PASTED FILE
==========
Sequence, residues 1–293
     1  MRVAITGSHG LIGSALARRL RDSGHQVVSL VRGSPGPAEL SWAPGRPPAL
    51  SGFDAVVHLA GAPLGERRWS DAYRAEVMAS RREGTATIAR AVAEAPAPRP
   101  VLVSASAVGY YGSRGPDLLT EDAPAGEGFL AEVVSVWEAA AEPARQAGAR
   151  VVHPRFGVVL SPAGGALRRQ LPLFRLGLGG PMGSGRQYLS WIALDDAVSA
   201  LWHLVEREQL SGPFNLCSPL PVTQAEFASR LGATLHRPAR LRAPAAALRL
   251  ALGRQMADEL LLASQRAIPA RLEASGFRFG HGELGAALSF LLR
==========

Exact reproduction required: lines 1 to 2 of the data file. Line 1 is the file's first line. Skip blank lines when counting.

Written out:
Sequence, residues 1–293
     1  MRVAITGSHG LIGSALARRL RDSGHQVVSL VRGSPGPAEL SWAPGRPPAL